May 12, 2017 / 1:35 PM / 6 months ago

Myanmar arrests Buddhist nationalists accused of stoking tensions with Muslims

YANGON (Reuters) - Myanmar police have arrested two radical Buddhist nationalists and are seeking several more after they clashed with Muslims in the country’s commercial capital Yangon, underscoring the authorities’ growing concern over rising religious tensions.

Parmaukkha talks to media during a press conference about a scuffle between Buddhist nationalists and Muslims in Yangon, Myanmar, May 11, 2017. Picture taken on May 11, 2017. REUTERS/Soe Zeya Tun

The arrests came after nationalists led by the Patriotic Monks Union (PMU) raided flats on Tuesday in a Yangon district with a large Muslim population, igniting scuffles that were only broken up when police fired shots into the air. Two weeks ago, the same people had forced the closure of two Muslim schools.

“We have arrested two people since yesterday evening, and are still looking for the rest of them,” said Police Major Khin Maung Oo, in charge the police station in Yangon’s Mingalar Taung Nyunt district, where this week’s scuffles took place.

Tensions between majority Buddhists and Myanmar’s Muslim minority have simmered since scores were killed and tens of thousands displaced in intercommunal clashes accompanying the onset of the country’s democratic transition in 2012 and 2013.

Mutual distrust has deepened since October, when attacks by Rohingya Muslim insurgents in northwestern Rakhine state provoked a massive military counter-offensive, causing around 75,000 Rohingya to flee across the border to Bangladesh.

The 13-month-old administration of Aung San Suu Kyi had made tentative moves against nationalist hardliners, but the arrests mark a significant step-up in the government’s efforts, highlighting official concerns over a potential outbreak of violence in the country’s main city, which has a substantial Muslim population.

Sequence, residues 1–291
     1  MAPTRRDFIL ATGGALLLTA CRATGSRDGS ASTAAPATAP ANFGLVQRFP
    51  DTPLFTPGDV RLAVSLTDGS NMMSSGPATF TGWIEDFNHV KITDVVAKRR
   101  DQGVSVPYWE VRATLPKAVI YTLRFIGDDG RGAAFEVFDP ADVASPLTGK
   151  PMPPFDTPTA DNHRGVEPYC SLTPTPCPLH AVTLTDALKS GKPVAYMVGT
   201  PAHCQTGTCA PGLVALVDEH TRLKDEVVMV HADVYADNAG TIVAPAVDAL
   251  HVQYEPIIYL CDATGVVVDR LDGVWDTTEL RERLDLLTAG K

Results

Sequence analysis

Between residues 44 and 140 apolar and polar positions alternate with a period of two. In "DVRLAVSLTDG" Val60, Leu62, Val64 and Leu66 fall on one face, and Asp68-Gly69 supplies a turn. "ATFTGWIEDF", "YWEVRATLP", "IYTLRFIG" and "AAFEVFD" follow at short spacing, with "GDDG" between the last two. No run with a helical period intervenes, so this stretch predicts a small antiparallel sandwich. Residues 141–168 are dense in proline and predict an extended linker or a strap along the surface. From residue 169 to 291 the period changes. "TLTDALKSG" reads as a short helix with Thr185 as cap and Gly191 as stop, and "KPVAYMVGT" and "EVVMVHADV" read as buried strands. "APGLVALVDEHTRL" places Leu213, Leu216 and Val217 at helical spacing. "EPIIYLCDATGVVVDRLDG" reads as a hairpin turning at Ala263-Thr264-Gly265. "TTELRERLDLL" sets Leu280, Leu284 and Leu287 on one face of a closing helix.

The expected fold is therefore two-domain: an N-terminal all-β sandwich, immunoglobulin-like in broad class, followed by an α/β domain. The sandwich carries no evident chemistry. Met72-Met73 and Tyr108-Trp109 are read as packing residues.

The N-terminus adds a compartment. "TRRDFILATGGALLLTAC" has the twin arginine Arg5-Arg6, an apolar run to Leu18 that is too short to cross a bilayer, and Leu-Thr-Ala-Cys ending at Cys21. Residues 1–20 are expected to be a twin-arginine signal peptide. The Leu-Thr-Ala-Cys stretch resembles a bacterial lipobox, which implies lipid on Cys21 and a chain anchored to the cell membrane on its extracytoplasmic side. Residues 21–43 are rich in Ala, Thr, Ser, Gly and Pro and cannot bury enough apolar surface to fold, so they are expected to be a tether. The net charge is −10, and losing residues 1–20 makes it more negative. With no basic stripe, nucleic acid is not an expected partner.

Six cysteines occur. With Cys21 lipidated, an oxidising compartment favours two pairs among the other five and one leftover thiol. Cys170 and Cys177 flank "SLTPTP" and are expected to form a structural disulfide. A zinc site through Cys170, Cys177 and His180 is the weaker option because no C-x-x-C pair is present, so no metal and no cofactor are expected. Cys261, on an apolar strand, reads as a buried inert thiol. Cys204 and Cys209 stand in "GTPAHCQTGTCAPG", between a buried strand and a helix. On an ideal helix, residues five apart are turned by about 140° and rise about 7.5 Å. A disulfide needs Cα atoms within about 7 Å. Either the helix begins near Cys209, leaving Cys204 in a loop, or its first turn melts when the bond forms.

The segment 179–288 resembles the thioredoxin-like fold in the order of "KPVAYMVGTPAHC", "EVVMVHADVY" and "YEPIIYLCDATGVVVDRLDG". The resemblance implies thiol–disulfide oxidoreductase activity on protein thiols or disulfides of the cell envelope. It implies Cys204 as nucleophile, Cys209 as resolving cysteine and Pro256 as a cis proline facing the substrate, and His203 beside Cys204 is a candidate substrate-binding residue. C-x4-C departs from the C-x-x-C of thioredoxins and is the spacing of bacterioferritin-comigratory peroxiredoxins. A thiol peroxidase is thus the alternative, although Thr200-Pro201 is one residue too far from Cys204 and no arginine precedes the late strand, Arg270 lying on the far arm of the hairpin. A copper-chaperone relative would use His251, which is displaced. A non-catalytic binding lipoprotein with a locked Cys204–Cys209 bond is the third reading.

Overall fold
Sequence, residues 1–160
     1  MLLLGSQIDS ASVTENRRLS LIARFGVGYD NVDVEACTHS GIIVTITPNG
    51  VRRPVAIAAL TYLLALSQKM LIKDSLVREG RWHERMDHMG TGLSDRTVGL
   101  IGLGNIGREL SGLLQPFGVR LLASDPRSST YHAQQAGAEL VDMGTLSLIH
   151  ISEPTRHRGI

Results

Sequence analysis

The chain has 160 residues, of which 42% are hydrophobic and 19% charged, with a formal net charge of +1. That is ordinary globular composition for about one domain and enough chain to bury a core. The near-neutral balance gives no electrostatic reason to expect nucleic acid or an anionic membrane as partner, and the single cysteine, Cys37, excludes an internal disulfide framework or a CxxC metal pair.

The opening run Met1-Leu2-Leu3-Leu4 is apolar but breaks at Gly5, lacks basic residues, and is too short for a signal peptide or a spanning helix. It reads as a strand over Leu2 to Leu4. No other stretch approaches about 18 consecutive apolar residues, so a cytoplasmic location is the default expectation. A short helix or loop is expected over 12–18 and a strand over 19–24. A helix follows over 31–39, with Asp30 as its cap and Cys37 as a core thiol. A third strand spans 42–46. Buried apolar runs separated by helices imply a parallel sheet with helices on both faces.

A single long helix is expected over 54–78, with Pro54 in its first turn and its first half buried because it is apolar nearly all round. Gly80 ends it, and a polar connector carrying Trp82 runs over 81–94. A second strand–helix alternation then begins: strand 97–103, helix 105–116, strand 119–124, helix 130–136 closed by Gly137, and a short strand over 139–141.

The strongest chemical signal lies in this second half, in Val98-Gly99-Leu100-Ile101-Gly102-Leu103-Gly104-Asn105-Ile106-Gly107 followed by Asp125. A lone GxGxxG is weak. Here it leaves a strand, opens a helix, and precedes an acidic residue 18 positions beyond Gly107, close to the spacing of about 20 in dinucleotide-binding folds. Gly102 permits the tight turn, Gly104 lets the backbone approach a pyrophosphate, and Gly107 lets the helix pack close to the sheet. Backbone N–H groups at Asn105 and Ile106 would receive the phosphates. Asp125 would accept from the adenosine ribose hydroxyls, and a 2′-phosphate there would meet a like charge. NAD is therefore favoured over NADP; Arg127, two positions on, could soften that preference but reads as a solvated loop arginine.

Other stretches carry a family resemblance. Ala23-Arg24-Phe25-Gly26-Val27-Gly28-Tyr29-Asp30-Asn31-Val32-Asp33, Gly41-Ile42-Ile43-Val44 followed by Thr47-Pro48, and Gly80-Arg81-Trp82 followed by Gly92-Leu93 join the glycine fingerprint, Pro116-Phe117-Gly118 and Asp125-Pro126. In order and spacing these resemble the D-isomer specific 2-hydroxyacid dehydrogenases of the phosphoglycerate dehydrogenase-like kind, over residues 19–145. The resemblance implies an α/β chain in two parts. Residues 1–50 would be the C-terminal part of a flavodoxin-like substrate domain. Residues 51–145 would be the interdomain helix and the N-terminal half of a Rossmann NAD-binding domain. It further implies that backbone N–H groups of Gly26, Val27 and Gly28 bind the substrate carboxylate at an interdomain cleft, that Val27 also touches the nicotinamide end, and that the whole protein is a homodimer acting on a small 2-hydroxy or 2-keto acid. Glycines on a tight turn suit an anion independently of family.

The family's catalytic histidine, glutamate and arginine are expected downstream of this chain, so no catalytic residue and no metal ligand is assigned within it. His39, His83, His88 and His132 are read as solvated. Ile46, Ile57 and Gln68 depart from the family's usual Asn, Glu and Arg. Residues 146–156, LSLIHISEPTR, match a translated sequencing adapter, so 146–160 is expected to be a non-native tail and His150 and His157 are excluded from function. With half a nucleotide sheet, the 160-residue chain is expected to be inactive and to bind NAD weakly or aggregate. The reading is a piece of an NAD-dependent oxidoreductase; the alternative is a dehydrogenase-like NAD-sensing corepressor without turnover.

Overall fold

Brigadier General Mya Win, the commander of Yangon’s regional police security command, said extra security forces had been deployed and the police were on high alert to prevent communal violence.

“We are patrolling around Muslim areas and have taken security measures around places of worship,” he told Reuters.

Leaders of the nationalist PMU said they were acting independently of the Ma Ba Tha, a larger radical Buddhist and anti-Muslim organization that counts among its leaders the firebrand monk Wirathu, who once called himself “Myanmar’s Bin Laden”.

Ma Ba Tha holds its nationwide congress in Yangon, a city of more than 5 million that has been a focus of foreign investment since a former military government ceded power in 2012, in two weeks and is expecting about 10,000 monks to attend.

TARGETING MUSLIMS

In both incidents, PMU monks and lay sympathizers targeted Muslim areas after attending a trial of fellow nationalists facing charges of inciting violence during a protest in front of the United States embassy in Yangon last year.

“We didn’t want any confrontation with the nationalists so we allowed them to shut down our schools,” said Tin Shwe, the chairman of the Muslim schools, referring to an incident on April 28. Tin Shwe, and a lawmaker from the ruling National League for Democracy, told Reuters the nationalists came to the schools with local administrators and policemen.

On Tuesday the group, again accompanied by local authorities and police, searched a building in a different part of Yangon shortly before midnight, claiming some Rohingya Muslims were staying there illegally.

Local residents confronted the nationalists, gathered in front of the building, prompting police officers to fire warning shots to break up the crowd.

A Yangon court issued the arrest warrant against seven people, including two monks, charging them with inciting communal violence, which carries a penalty of up to two years in prison.

At a news conference on Tuesday, organized shortly before the arrest warrants were issued, the nationalists vowed to keep fighting Muslim influence in the country, citing government reluctance to “protect race and religion” in Myanmar.

“We are protecting our people because government authorities are reluctant to do that. Even though many people hate us, we are not creating problems,” U Thuseikta, a monk and a senior official of the PMU, told reporters.

Tin Shwe, the Muslim community leader, said: “We want to get equal treatment and be protected by the government - we voted for them with our hands.”

Reporting by Wa Lone; Editing by Antoni Slodkowski and Alex Richardson

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